6. “In these uncertain times, our most important focus is on health and safety. Like so many of you, most of us at NIST are working remotely. But we are still working hard to support our cybersecurity mission. While NIST had to cancel the Advancing Cybersecurity Risk Management Conference scheduled for May 2020, we look forward to continuing our cybersecurity efforts through virtual meetings and discussions with you. We continue our international work and welcome your feedback on how we can strengthen our engagement in different and creative ways. After all, our international connections are more important than ever.”
  7. “Sophos security researcher Paul Duckling wrote in a blog post that the fix in Chrome version 81.0.4044.113 patches a vulnerability that lets attackers avoid Chrome’s usual security checks (via Tom’s Guide). It also bypasses what Duckling calls “are you sure” dialog boxes — those pop-ups that appear when you might be approving something you shouldn’t. ”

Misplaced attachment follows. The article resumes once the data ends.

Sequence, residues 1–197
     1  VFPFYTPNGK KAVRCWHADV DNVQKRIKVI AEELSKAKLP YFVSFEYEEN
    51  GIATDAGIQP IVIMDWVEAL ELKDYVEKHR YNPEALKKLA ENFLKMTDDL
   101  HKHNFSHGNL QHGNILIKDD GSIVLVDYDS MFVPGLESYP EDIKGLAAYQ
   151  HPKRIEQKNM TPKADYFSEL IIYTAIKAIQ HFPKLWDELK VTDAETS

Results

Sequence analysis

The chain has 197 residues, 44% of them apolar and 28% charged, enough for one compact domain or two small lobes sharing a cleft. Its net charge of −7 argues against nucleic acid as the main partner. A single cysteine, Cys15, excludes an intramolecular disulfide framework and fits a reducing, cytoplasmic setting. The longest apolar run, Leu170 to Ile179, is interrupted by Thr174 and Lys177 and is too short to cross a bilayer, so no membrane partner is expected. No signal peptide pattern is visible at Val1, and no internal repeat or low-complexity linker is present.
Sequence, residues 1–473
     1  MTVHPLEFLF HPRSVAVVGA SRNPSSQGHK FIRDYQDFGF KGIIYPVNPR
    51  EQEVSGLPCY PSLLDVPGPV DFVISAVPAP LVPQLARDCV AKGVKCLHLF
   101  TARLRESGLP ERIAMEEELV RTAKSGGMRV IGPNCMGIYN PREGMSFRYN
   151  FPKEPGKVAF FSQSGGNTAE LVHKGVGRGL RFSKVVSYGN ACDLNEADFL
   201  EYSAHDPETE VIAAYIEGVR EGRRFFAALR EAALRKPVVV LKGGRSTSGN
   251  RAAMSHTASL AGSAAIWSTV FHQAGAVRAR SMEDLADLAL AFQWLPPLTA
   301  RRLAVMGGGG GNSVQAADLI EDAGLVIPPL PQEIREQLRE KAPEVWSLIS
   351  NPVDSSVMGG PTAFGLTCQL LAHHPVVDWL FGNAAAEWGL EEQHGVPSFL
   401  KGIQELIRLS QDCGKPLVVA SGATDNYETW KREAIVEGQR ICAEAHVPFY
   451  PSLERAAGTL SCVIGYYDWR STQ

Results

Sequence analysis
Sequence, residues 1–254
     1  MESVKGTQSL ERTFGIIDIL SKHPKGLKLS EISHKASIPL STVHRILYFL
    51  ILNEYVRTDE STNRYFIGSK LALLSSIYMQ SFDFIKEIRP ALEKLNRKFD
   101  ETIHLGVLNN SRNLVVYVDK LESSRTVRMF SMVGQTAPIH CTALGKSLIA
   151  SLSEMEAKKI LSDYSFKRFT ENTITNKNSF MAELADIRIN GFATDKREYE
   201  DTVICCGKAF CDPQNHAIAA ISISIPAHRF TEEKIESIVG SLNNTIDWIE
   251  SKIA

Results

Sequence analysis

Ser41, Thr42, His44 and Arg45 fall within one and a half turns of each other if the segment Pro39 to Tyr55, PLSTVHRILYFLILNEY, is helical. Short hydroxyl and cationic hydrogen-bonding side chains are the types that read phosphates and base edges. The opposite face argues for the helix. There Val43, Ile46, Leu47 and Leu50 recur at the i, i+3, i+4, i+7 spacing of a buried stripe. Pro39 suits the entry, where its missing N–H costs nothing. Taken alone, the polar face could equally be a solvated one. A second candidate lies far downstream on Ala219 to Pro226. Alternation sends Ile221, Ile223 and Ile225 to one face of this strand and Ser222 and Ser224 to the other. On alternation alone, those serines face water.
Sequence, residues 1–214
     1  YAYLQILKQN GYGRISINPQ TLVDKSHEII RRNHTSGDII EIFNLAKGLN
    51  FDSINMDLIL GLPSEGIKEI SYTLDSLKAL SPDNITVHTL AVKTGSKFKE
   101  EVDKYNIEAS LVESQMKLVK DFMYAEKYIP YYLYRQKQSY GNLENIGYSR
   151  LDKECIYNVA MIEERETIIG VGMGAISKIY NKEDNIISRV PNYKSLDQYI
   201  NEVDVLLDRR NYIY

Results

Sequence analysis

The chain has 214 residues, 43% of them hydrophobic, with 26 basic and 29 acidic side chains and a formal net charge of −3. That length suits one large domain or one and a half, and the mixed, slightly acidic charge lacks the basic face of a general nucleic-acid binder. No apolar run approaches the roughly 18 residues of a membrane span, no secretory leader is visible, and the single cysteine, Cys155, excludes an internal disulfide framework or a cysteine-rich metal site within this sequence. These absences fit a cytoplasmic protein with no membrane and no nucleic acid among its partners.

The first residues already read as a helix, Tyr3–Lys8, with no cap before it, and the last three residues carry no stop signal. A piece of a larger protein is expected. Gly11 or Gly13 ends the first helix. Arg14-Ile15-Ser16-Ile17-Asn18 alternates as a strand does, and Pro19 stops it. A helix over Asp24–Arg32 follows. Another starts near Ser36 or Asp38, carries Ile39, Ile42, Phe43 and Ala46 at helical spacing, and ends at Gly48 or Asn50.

8. “Romanian antivirus company BitDefender noted a surge in attempted phishing attacks that try to trick users into downloading malware by masquerading as Enppi, an oil company owned by the Egyptian government. The malware, known as Agent Tesla, is a spyware tool which enables hackers to monitor keystrokes, steal data about file downloads and collect username and password credentials from internet browsers, among other capabilities.”
  9. “The security researcher Pedro Ribeiro, Director of Research at Agile Information Security, has published details about four zero-day vulnerabilities affecting the IBM Data Risk Manager (IDRM) after the company refused to address the issues. The IBM Data Risk Manager is an enterprise security product that aggregates feeds from vulnerability scanning tools and other risk management tools allowing to analyzed security events and data-related business risks.”
  10. “Microsoft has released a Windows 10 update that fixes multiple bugs in Windows 10, version 1909 and Windows 10, version 1903, including issue causing Windows Update to stop responding and the lock screen to stop appearing.”